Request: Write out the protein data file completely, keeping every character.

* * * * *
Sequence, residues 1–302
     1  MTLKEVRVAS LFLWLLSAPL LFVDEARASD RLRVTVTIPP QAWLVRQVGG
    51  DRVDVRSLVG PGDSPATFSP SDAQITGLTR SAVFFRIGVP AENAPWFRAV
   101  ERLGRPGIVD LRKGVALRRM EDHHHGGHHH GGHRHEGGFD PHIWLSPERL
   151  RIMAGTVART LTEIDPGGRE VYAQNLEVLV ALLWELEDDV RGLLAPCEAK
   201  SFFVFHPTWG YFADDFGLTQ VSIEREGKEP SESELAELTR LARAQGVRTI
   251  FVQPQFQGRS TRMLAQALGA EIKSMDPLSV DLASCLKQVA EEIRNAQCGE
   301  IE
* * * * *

Sequence, residues 1–302
     1  MTLKEVRVAS LFLWLLSAPL LFVDEARASD RLRVTVTIPP QAWLVRQVGG
    51  DRVDVRSLVG PGDSPATFSP SDAQITGLTR SAVFFRIGVP AENAPWFRAV
   101  ERLGRPGIVD LRKGVALRRM EDHHHGGHHH GGHRHEGGFD PHIWLSPERL
   151  RIMAGTVART LTEIDPGGRE VYAQNLEVLV ALLWELEDDV RGLLAPCEAK
   201  SFFVFHPTWG YFADDFGLTQ VSIEREGKEP SESELAELTR LARAQGVRTI
   251  FVQPQFQGRS TRMLAQALGA EIKSMDPLSV DLASCLKQVA EEIRNAQCGE
   301  IE